Let $\mathfrak{g}$ be a sub-Lie-algebra of $\mathfrak{gl}_n(\mathbb{C})$, the Lie algebra of complex $n\times n$ square matrices.

Let us call $(H)$ the hypothesis: for all $x, y\in\mathbb{C}^n$, whenever $x$ and $y$ are linearly independent, we have $\langle \mathfrak{g}(x)\cup \mathfrak{g}(y)\rangle=\mathbb{C}^n$. Here, $\mathfrak{g}(x)$ is the linear subspace of $\mathbb{C}^n$ that consists of all the images of $x$ by a $g\in \mathfrak{g}$ (idem for $\mathfrak{g}(y)$). I think of $(H)$ as "no hyperplane is conjugate to a pair of linearly independent vectors".

My problem is to determine the minimal dimension that $\mathfrak{g}$ must have, in order for $\mathfrak{g}$ to be able to have the property $(H)$.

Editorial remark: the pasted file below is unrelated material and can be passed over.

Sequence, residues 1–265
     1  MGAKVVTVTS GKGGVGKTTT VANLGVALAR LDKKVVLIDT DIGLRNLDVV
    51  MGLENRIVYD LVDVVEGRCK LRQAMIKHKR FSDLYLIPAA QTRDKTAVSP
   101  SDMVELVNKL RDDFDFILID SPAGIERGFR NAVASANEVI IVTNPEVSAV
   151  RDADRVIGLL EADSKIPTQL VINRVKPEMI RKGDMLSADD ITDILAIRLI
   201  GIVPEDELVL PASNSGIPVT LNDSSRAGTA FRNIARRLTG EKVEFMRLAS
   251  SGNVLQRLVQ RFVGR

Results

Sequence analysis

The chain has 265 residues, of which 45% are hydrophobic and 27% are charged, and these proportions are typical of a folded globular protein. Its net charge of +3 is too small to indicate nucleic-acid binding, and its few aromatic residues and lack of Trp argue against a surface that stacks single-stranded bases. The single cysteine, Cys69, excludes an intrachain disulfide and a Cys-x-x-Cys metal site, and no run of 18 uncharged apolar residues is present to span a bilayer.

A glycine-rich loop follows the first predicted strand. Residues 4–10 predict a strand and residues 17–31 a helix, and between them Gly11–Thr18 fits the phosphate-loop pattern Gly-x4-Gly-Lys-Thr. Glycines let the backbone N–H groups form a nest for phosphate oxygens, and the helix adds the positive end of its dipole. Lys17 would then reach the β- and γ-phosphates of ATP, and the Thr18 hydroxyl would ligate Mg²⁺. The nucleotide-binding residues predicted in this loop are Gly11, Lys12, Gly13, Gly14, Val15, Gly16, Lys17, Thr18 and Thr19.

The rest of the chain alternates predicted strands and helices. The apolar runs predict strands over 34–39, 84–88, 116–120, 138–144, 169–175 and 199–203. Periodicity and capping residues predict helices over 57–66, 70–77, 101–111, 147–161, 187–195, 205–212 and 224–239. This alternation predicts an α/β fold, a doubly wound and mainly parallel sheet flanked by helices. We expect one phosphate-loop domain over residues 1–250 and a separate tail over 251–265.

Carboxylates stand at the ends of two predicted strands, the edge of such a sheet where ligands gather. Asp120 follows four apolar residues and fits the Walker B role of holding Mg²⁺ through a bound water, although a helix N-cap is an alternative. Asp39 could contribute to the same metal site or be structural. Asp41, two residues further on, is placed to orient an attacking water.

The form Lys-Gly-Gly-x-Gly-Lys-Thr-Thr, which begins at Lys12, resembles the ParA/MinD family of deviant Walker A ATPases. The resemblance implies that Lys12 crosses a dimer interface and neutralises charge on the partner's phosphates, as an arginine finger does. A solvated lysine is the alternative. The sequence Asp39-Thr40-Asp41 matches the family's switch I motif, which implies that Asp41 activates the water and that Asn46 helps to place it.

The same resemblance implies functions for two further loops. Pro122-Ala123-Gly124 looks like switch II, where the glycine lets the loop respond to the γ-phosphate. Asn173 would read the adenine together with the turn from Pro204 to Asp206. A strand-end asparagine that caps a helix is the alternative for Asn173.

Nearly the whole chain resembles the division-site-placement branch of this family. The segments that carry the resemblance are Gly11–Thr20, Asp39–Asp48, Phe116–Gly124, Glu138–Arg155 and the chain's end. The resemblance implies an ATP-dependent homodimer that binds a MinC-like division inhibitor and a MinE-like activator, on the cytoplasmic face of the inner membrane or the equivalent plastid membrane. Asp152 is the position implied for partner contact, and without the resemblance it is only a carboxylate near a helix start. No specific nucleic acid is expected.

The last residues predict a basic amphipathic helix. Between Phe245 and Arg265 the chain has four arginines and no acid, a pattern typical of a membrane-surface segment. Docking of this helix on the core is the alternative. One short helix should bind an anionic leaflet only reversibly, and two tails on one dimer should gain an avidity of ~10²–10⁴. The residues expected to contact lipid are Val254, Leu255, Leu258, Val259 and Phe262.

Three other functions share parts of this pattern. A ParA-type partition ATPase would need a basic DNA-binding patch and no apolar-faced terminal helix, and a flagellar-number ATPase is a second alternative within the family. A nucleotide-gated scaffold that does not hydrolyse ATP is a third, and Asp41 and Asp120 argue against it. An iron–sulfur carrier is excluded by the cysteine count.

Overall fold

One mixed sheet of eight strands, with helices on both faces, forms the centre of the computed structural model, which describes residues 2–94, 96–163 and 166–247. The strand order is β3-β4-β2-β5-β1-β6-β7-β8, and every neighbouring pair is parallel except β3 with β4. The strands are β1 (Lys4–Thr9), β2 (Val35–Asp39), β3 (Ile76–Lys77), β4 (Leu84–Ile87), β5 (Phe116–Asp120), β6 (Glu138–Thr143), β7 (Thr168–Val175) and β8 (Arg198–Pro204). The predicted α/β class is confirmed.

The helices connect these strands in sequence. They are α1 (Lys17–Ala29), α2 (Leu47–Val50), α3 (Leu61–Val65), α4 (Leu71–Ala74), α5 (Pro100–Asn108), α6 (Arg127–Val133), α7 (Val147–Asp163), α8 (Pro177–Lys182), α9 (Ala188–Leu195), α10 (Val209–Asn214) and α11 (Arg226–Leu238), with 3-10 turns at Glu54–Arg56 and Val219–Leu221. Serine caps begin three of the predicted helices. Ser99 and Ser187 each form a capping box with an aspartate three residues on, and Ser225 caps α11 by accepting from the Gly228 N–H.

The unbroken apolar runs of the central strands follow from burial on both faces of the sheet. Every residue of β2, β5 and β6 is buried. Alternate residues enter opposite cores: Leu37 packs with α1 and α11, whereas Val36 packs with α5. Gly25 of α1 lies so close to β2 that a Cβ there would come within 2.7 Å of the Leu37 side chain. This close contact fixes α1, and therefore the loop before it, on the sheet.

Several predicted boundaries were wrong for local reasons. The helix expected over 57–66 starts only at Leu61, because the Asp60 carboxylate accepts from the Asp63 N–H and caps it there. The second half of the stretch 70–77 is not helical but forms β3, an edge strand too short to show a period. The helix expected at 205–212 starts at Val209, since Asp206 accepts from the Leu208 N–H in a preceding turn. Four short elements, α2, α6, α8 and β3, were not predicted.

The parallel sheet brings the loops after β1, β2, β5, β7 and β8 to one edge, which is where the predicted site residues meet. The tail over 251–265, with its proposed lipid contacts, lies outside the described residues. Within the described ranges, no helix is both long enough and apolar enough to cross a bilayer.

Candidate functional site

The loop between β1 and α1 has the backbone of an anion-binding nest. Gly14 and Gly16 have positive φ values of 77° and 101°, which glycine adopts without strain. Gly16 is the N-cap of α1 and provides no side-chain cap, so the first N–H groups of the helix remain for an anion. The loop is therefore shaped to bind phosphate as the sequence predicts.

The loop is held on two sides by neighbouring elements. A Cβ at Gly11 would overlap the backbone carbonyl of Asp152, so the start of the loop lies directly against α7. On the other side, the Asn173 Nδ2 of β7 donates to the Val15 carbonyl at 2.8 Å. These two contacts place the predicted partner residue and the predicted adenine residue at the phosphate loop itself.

It is clear that we must have $\dim(\mathfrak{g})>\frac{n-1}{2}$. Indeed, if $\dim(\mathfrak{g})\leq\frac{n-1}{2}$, we take two arbitrary linearly independant vectors $x, y$, and we have $\dim(\langle\mathfrak{g}(x)\cup \mathfrak{g}(y)\rangle)\leq n-1$.

We should be able to prove in fact that $\dim(\mathfrak{g})\geq n-1$ (I know it from an assertion of Hermann Weyl). But, in order to reach this new lower bound, we cannot anymore take two arbitrary linearly independent vectors.

I think, to reach that goal, that we must start from a vector basis that is correctly adapted to all the transformations of $\mathfrak{g}$. But I don't see for the moment how to get the point.

Could anyone give me some advice?